Voters across the globe appear to be more concerned than ever with their leaders' character and actions. Specifically, of course, they hold them accountable and require ethical behavior. This greater attention to the actions of leaders is directly connected to the media revolution of the past 20 years or so, which has resulted in greater scrutiny as more people have more access to more information than ever before.
We often hear the term government ethics used in the media, and by politicians and political commentators – yet it isn’t always clear what exactly is meant by this term. A useful way to approach the discussion is to begin by examining the word “ethics.” Generally speaking, ethics refers to the study of right and wrong behaviours. In our daily lives we are constantly faced with important questions about what to do. Should I keep my promise or should I not? Should I report a lost wallet, or simply keep the money inside? Should I give to the panhandler or keep my change? Ethics, as a field of study, attempts to find principles and rules for answering such questions.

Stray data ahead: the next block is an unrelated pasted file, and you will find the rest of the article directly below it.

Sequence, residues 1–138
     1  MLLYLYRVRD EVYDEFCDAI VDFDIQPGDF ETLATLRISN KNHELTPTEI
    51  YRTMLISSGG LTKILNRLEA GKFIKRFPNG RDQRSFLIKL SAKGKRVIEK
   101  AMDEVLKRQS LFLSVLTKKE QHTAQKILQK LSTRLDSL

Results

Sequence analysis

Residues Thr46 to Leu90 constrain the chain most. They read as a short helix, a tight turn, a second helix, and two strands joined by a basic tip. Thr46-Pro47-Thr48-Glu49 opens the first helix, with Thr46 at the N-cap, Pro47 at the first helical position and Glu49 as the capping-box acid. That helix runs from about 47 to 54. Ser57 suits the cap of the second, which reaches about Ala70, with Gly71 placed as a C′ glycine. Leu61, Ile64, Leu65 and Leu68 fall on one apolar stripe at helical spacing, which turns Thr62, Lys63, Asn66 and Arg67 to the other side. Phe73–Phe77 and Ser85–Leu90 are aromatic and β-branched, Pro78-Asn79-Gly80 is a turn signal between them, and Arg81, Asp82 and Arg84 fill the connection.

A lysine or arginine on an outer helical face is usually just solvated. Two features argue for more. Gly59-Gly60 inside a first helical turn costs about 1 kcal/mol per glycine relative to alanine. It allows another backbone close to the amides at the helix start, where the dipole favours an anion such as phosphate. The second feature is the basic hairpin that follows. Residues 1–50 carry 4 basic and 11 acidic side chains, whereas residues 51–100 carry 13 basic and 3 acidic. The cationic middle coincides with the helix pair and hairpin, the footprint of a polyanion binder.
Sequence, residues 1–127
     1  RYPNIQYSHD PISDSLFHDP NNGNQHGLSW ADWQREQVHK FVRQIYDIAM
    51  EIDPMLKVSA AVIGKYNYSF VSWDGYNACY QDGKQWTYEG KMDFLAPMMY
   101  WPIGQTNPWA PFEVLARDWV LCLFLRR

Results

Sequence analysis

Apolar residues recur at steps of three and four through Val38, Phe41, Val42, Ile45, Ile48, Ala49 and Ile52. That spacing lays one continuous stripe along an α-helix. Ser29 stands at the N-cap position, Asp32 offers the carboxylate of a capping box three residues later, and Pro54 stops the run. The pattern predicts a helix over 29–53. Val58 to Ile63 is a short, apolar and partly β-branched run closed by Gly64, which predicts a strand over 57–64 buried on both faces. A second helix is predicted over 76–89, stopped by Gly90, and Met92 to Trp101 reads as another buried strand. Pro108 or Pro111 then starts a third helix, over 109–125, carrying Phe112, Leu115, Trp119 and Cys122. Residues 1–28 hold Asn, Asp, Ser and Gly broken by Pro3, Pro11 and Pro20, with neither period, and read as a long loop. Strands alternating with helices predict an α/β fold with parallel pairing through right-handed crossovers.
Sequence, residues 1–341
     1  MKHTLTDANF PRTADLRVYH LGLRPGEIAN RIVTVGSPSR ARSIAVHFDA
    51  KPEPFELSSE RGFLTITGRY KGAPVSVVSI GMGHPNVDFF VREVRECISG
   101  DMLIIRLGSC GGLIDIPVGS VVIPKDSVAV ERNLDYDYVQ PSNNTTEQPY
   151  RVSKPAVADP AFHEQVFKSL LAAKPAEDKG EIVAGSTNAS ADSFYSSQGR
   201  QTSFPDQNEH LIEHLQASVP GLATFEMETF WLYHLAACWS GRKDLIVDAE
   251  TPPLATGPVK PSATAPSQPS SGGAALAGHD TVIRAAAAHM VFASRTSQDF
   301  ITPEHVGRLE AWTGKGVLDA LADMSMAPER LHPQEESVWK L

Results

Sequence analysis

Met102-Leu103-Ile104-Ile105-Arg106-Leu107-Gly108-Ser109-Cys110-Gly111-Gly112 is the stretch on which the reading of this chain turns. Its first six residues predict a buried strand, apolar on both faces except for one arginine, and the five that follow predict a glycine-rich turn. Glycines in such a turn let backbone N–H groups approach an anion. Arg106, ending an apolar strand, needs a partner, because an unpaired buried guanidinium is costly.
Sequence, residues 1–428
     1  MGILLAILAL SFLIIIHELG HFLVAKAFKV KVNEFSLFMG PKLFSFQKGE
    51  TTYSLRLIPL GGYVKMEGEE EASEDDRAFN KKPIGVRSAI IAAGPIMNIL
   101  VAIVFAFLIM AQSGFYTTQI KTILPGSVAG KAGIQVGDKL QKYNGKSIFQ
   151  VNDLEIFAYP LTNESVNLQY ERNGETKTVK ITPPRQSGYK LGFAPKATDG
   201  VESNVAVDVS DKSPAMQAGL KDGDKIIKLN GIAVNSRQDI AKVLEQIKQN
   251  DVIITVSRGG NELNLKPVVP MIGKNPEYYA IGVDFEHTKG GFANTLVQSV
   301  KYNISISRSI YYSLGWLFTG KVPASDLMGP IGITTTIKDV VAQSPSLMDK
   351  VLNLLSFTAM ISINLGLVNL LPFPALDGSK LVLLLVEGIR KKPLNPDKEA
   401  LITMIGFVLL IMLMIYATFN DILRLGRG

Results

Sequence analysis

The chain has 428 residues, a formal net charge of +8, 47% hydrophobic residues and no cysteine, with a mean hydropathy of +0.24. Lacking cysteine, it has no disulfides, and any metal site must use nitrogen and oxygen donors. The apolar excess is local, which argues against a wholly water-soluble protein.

People are paying much more attention to conflicts of interests that world leaders have now than they did before. Part of the reason for this is because of all of the news coverage of the many ethics issues that will come up under the Trump administration because of all of his business ties.
The Canadian Prime Minister may be under scrutiny for ethics violations, but he is one of few leaders who are harshly criticized and scrutinized for questional actions while serving their public. The fact that Donald J. Trump, a man with a questionable moral background at best, was elected president of the United States speaks to the fact that ethics are sorely lacking from our political arena, and they aren't highly in demand by citizens in general. Citizens should recognize the need for ethically responsible government leaders, and they should push for these ethics to become a priority.